New Initiative to Build Credit for Hartford Residents
In the spring of 2012, a two-story colonial house in East Hartford got a very excited new owner. Former Northend renter Jennifer Mathis bought the hundred-year-old historic home with help from a credit-building loan offered by the Hartford Community Loan Fund (HCLF). The three-bedroom house, with its spacious back yard and front porch, is a dream come true for Mathis. "This house means everything to me. Now I have something I can give my kids. I've been trying forever [to get a mortgage], but I was always turned down, even for small loans. And every time I applied for mortgages my credit wasn't where it was supposed to be, or I wasn't making enough money to qualify to have a home. So this . . . is the biggest accomplishment of my life."
In 2010 Mathis signed up to participate in an Individual Development Account (IDA) program run by a Hartford-based nonprofit. Through the IDA, personal savings are matched by state or federal funds toward specific goals such as buying a house, paying for education, or starting a business. To help repair her credit, financial counselors at the organization connected Mathis to the Hartford Community Loan Fund to apply for an IDA-Secured Credit Builder Loan.
A new financial solution offering introduced by HCLF in 2011, the Credit Builder Loan represents a unique product in a financial landscape which generally offers few credit-building options for consumers with low credit scores. Through the Credit Builder Loan, Mathis borrowed just over $300 from HCLF to pay off a dental bill. Over the next year her record of on-time monthly payments on the loan contributed to an increase of more than 50 points in her credit score, paving the way for approval of an affordable mortgage loan.
Of the sample data collected for HCLF by the Woodstock Institute, more than 50% of residents in Hartford's primarily African-American/West Indian neighborhoods (zip codes 06120 and 06112) had credit scores below 620
Mathis's previous credit struggles are unfortunately the norm for most adult residents of Hartford's northend and other communities of color. Recent analysis of credit score data by HCLF revealed significant disparities in credit scores among Hartford area zip codes. Of the sample data collected for HCLF by the Woodstock Institute, more than 50% of residents in Hartford's primarily African-American/West Indian neighborhoods (zip codes 06120 and 06112) had credit scores below 620, a common boundary determining access to affordable credit and products like traditional mortgage loans. In Hartford's largely Hispanic southend neighborhoods, approximately 40% of residents had credit scores below 620. By contrast, in most of Hartford's predominantly white and more affluent suburbs, less than 10% of adult residents had credit scores below 620.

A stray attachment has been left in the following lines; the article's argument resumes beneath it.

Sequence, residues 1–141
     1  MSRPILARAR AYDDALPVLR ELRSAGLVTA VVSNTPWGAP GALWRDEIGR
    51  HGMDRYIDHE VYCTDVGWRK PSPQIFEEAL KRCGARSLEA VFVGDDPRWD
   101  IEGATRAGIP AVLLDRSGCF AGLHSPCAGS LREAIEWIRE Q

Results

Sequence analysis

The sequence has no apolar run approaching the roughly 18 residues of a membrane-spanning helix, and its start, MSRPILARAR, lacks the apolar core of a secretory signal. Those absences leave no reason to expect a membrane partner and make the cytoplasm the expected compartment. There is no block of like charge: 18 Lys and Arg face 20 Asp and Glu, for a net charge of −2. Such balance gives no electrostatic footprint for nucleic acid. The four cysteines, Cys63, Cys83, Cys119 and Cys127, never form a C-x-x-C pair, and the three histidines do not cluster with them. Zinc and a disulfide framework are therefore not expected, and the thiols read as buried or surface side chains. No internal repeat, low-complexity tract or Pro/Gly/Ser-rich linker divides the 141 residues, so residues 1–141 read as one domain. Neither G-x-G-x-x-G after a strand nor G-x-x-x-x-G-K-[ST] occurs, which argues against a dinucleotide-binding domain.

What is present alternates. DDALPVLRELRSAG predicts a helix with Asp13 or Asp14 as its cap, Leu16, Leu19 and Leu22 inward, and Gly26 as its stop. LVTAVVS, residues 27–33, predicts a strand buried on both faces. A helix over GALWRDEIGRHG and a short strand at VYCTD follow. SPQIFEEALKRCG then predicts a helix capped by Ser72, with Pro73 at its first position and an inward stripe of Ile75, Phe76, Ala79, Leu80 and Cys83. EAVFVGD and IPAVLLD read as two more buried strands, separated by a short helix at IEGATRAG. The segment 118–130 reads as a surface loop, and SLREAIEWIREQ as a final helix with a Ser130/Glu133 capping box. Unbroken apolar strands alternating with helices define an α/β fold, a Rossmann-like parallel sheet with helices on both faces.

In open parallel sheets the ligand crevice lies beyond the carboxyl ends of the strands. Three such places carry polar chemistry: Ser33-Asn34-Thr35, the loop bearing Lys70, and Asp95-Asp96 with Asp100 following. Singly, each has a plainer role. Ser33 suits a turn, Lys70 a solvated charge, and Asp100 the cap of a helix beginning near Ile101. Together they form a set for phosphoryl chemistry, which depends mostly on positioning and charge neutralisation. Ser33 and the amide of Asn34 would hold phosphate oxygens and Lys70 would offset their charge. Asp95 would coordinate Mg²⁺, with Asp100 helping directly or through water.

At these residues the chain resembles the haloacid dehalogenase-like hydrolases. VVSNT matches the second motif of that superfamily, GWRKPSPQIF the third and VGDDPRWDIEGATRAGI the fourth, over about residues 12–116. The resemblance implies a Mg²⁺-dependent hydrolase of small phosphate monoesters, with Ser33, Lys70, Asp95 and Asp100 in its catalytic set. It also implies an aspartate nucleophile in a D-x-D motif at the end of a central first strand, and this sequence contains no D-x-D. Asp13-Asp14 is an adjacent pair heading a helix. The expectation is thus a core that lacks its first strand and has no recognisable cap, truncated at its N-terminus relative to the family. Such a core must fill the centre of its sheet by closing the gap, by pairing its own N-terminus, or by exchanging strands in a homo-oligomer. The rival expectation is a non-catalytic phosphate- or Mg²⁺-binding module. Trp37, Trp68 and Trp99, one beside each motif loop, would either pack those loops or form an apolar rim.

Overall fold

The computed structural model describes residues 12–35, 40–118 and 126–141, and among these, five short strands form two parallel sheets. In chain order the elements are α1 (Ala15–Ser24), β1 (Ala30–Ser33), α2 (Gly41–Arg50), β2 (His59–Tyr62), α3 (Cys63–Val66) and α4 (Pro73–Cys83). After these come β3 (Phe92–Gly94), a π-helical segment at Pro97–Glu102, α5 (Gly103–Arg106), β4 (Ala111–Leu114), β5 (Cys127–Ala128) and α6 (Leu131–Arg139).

Sitting in her family's new living room, Mathis reflected on her own experience. "I first figured out that credit was important in the process of buying a house. I kept thinking, why is it so hard to get a house? At the time I thought [I might qualify for a mortgage] if they see I'm faithfully paying my rent with no late fees, that I was never, ever evicted, had no bounced checks or anything...but they don't consider rental payments in your credit score."
"I wish they taught this stuff in school," said Mathis. "When I first graduated from high school, I was young and they just send you the credit card applications. And the next thing you know you've got these credit cards and you could just go shopping and just say 'charge it', not realizing you have to pay for this bill. So it starts from there. But we live and we learn. And I've learned. And I can pass that on to my kids."
Along with financial coaching offered through the IDA program, homebuyer counseling helped Mathis fill in the gaps in her financial management education. In addition to walking her through the steps of choosing a realtor, an attorney, and buying insurance, the homebuyer program helped her understand how credit history gets reported and what actions she could take to improve her personal credit score. "The thing with the IDA program," says Mathis, "is some people think that they're supposed to do the work for you. That's not what it's all about. You have to do the work yourself. They just provide the information to get you educated and support your savings. And that's where HCLF comes in to help those who have low credit or no credit - to help increase their credit to where it needs to be. The people at the Loan Fund were very, very helpful. They did a lot of follow up. They're working with you, not working against you. I wish more people knew about this program."
When Mathis finally moved into her new home, the box springs to her daughter's bed wouldn't fit over the top railing of the stairs. Her brother decided to remove the stair railing temporarily. "And that's when I realized - I can knock a wall down if I want to!" laughed Mathis. "I could paint the walls green if I want to! I can do whatever I want, because it's mine!"
"It's a good feeling," she continued, "I'm still in shock. When I first got the keys I just cried. I cried on the way to the attorney's office. I cried coming out of the attorney's office. I cried when I walked in the house. I'm about to cry now. I finally did it."